• PALESTINE \ Sep 06, 2012
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    Why are Palestinian Christians Not Staying? By Munther Issac
Why are Palestinian Christians Not Staying? By Munther Issac Last month, a very important conference took place in Bethlehem. It was organized by the Diyar consortium, and the topic was: "The Christian presence in Palestine and the Diaspora: Statistics, Challenges, and Opportunities". This is of course a very important issue, and Diyar Rev. Mitri are to be thanked for addressing this subject.

The strength of the conference is that it covered the whole of the Palestinian Christian community, including Christians in Gaza, Israel, and Diaspora. The conference concluded with a very helpful statement that summarized the findings of the study and the main discussions that took place. Many things caught my attention. (A pdf version can be download here).

It was encouraging to read that the number of Christians in the West Bank stopped declining, and there is actually a small rise in our number. Of course Gaza is the exception, and it is disheartening to read that the number now is estimated to be 1250. The overall situation there is very alarming.

It was also encouraging to read about the discussion that took place in the conference about quality and quantity. The focus should be on our presence and influence, and not merely on our numbers. It is impressing that "in the West Bank the church is one of the largest providers of employment opportunities after the Palestinian Authority. 22,000 Christians and Muslims are employed by the churches and their Christian Institutions."

In addition, the conference came out with a list of strategic goals. The list is very helpful, and does cover various areas, like education, identity, constitution, and creating awareness. However, this is where I feel that the heart of the issue lies. We can work on changing the circumstance, but the real change that is needed is in the heart of people. I think that we Palestinian Christians should stop asking: "Why are Palestinian Christians leaving?" and instead ask: "Why are Palestinian Christians not staying?" Before telling our people to stay, we must convince them why it is important to stay to begin with!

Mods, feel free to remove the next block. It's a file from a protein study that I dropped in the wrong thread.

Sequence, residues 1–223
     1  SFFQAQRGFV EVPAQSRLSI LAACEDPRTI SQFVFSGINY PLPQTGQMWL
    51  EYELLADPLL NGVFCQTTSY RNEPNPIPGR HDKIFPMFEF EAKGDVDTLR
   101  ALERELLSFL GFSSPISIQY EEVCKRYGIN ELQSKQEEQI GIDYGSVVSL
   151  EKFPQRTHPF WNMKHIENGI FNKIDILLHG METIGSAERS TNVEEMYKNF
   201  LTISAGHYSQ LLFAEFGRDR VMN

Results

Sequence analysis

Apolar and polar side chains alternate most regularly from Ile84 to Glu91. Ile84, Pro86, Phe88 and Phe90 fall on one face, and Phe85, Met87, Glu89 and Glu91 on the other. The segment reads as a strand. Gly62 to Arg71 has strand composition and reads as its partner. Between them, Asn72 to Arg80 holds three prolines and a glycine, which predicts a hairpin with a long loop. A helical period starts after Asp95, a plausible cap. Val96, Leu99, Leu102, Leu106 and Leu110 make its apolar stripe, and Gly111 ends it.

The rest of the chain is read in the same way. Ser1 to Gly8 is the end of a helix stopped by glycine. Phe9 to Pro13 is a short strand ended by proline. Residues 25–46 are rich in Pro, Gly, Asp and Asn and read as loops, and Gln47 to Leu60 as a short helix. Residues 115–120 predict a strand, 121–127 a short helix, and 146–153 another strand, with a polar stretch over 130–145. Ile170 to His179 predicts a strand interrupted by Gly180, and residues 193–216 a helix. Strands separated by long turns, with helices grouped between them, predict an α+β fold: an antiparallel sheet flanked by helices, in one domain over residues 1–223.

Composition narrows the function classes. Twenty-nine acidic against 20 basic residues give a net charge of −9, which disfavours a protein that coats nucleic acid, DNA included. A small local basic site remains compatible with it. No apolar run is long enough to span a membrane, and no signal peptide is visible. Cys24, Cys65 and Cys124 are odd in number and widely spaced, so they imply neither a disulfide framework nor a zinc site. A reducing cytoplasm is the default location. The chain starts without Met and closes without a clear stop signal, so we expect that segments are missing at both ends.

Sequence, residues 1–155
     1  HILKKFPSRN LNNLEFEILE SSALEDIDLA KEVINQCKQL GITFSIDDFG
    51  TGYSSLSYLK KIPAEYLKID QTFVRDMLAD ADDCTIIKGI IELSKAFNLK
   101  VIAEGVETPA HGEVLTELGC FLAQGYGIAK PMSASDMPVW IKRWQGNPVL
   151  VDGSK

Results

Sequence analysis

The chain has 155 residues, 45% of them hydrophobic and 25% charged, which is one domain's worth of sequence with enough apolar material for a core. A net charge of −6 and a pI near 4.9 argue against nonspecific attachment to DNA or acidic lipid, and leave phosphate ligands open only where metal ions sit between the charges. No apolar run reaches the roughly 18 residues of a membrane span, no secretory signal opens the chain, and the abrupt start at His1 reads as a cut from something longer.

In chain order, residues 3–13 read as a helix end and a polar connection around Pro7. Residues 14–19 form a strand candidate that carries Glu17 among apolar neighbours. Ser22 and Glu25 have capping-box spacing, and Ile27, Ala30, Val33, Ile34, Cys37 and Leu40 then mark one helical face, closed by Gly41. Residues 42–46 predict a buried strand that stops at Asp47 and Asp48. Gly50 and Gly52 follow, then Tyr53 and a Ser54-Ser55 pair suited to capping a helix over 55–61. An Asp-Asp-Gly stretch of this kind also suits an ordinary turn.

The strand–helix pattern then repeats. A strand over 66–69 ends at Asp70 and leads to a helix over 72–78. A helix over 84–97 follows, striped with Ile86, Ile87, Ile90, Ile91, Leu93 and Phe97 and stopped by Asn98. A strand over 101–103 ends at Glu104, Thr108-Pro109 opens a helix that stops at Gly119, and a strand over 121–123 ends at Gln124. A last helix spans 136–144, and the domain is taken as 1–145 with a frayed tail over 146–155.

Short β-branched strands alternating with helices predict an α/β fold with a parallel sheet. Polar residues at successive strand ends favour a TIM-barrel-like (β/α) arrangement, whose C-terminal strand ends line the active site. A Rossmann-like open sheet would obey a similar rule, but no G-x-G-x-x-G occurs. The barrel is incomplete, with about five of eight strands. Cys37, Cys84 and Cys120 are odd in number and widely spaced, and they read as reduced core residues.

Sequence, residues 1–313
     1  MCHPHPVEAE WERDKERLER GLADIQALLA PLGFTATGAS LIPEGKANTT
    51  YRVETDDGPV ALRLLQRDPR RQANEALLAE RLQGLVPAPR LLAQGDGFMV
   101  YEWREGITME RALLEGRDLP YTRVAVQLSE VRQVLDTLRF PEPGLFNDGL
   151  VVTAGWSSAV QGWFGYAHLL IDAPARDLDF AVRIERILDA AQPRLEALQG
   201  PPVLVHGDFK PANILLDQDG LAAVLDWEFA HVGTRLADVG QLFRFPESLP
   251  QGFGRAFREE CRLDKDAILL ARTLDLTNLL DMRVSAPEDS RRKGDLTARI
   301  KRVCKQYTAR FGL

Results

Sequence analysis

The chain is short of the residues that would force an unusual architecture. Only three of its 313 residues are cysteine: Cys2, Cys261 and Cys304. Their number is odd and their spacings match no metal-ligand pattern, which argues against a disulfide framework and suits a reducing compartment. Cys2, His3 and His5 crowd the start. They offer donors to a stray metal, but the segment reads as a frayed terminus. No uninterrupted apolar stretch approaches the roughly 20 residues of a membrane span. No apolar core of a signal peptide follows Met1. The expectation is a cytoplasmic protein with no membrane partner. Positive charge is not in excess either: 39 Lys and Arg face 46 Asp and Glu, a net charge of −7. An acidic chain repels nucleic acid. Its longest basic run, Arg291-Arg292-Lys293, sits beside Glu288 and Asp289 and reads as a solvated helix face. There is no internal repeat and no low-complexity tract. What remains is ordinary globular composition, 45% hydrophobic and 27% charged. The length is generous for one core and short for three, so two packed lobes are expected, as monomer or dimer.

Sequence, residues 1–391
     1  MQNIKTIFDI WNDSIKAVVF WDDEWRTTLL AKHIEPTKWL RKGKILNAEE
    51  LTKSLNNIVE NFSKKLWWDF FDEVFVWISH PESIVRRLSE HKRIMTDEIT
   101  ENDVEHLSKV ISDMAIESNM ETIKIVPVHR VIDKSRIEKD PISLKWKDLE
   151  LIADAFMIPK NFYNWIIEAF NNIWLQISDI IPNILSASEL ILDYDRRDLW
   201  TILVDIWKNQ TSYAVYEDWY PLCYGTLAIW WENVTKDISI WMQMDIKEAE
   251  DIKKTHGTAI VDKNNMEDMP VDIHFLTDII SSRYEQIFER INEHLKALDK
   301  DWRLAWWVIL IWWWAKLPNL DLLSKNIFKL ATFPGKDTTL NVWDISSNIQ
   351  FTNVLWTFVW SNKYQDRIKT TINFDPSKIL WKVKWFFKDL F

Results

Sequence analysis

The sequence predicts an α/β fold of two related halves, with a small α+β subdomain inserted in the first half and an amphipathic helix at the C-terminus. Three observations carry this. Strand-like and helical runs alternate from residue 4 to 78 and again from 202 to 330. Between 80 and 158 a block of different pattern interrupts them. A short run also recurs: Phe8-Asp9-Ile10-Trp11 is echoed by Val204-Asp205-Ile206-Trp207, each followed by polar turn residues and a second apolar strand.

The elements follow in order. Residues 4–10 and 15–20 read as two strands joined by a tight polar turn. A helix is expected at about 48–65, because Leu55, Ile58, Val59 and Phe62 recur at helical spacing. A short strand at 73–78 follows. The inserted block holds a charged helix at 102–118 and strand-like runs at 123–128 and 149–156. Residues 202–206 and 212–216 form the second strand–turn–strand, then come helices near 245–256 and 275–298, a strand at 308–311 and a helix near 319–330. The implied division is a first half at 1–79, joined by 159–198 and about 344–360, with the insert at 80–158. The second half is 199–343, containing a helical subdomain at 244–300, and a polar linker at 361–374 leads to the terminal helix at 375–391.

It is easy to point out the reasons why people leave: Political, social, or religious. Yet what is needed is to empower Palestinian Christians, especially the young generation, to overcome these obstacles, and to decide to stay despite the circumstance. Palestinian Christians must revive a sense of calling and purpose. They must want to stay.

Throughout the years, a big void, I believe, was created (for many different reasons) between the leadership of the church and the people; a void that left us with a big number of Christians who are not practicing their Christianity. We should ask: how many Christians in Palestine know the basic teachings of Christianity? For example on issues like the Trinity and the identity of Jesus? How many know the teachings of Jesus? How many really understand the calling and purposes of the church? How many have experienced firsthand the liberating power of Jesus the Bethlehemite? How many have been touched and changed by his love and compassion?

Change starts in the pulpits. It starts when the church reclaims its calling to make disciples and teaching the words of Jesus (Matthew 28:18). This is the real work that needs to be done. It is the hard work, and it takes time and effort. But it must be done if we want a continual presence of Palestinian Christians in the Holy Land.